There is an untold truth in wine, that for exceptional wine to be made, man or woman must first enter into an agreement with the vines. There is no dark magic or religious power at play, just as there is no need for slight of hand or mathematical tomfoolery, which it has been asserted can make 2+2=5. The vines must be planted on soils that force them to work, just as the aspect or incline of the site will force the winemaker to work too. This is the agreement – we shall both work hard and the results will be better than if we hadn’t. The outcome is often called terroir.
The basis for this symbiotic relationship is thus the soil; the bedrock on which the foundations of the agreement stand. Therefore, if scouring the earth to find the right limestone-clay combination is required, then scour one must. If the right site is far from civilisation, on an incline prohibitive to mechanisation, and where the vines must be grown low and pruned hard to de-vigour, then so be it.
Both man or woman and vine must make sacrifices. The vine must be clipped to force its mother root down into the hardened rock in search of water and minerals, and must be grown in high density to force competition. The grower will play his or her part and accept both increased toil in the field and the reality of a certain economic gamble from diminished yields per vine, necessary for maximum concentration.
Before its work is done, the vine will provide for with one last gift; the yeast that is required for the fermentation of its bounty, thus securing the continuation of the agreement. The flame will be passed from the grower to the winemaker in the knowledge of this fact, and as a result the agreement will continue into vinification.
Vintages will vary, but this will just grow the relationship and enforce the agreement. The vines will provide as best they can, and the winemaker will work with what he or she has been given, learning from the process, and reinvesting the intellectual results back into the vineyard. People will come to enjoy the variation and how it keeps them on their toes, as they discover new flavours, aromas and sensations they hadn’t expected to encounter.
For his or her part in the deal, the winemaker will agree to treat the grapes as naturally as possible, refraining from fashionable, overt processing with new “flavour of the month” techniques. Grapes will be crushed by foot, and intracellular fermentation will occur naturally as a result, and oxidation, if it occurs, will be accepted and not despised as a thing of the devil.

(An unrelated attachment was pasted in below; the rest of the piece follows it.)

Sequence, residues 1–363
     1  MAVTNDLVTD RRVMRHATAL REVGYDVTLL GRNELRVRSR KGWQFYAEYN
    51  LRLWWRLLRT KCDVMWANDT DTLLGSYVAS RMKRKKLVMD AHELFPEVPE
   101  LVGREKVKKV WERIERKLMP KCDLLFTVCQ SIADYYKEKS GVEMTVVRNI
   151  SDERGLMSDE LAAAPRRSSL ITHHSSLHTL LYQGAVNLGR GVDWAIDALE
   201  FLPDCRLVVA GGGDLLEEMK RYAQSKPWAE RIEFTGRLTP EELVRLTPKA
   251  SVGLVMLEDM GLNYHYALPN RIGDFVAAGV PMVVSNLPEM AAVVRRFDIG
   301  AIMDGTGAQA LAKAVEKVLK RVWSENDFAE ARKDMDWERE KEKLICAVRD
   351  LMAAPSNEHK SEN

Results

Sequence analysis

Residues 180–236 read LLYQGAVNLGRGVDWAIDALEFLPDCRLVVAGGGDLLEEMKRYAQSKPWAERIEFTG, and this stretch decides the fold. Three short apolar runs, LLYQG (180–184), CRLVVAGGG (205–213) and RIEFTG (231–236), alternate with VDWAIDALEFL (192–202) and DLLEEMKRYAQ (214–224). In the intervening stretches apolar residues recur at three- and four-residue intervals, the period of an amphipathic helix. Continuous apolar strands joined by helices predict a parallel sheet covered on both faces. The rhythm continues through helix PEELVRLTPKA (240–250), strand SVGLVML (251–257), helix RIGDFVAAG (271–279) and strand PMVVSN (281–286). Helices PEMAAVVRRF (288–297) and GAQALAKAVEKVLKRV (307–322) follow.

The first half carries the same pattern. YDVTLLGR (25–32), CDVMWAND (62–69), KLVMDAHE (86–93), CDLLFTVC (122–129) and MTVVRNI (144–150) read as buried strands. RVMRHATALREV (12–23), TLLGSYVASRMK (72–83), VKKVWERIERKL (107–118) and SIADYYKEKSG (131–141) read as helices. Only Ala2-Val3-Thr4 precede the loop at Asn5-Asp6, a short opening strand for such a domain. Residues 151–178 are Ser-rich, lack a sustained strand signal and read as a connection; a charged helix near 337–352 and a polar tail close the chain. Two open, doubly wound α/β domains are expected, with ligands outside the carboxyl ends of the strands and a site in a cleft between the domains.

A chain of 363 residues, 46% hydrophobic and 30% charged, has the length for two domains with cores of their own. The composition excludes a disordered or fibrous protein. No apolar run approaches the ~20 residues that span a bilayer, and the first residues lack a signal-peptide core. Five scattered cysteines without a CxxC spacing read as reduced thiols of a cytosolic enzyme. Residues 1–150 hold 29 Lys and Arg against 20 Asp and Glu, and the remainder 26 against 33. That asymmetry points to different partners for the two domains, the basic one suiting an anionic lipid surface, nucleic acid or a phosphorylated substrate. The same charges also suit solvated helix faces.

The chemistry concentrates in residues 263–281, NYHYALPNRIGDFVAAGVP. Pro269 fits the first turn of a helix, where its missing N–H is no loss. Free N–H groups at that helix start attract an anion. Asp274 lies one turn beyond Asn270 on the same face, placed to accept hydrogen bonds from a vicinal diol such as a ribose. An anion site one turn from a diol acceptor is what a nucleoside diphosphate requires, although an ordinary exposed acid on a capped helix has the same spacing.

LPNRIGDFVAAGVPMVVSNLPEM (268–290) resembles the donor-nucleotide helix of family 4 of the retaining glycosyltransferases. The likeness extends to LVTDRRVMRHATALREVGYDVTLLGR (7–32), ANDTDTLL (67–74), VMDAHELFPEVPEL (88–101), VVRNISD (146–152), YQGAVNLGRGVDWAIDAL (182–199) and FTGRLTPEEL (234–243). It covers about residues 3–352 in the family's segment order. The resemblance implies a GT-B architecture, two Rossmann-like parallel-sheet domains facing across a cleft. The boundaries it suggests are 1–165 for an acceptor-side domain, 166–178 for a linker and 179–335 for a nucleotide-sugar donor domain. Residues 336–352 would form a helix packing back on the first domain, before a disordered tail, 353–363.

Additives such as DAP and powdered tannins, and the practices of acidification and chaptilisation will be avoided, as too will the overuse of sulphur dioxide. Courage for this brave act will be gained through the knowledge that the grower and the vine have already worked hard in the field to provide all that is required.
People will claim this as hands off wine-making, but the last laugh will be on them in the knowledge that, through hand weeding, picking, selecting and de-stemming, the number of hands that have played a part in this wine is uncharacteristically high.
Having built its bones from the limestone, and its blood from the clay, the wine will not be stripped of its soul by fining or filtering, and will be allowed to grow older and wiser in vessels of maturation as befitting its character; old barrels for the gentle caress of oak and softening oxygenation, and clay amphorae for acetaldehyde development.
Instinct and gut feeling will be encouraged and nurtured, as too will experimentation wherever possible; one must not live in fear of difference or exception to the rule, as this is the charm of wine. In this respect, uncommon varietals must be welcomed, as too must the treatment of common ones with different and uncommon practices.
The results will at the same time, be fine, complex, and sophisticated – rustic, raucous and lively, showing depth, concentration and yet fragility at once. And as a final proof of the agreement and its worth, grapes from neighbouring sites, grown with identical care and vinified in a consistent manner will show variation and individuality that, after searching long and hard for the correct descriptor, people will announce as the proof of terroir.
by J J Shearlock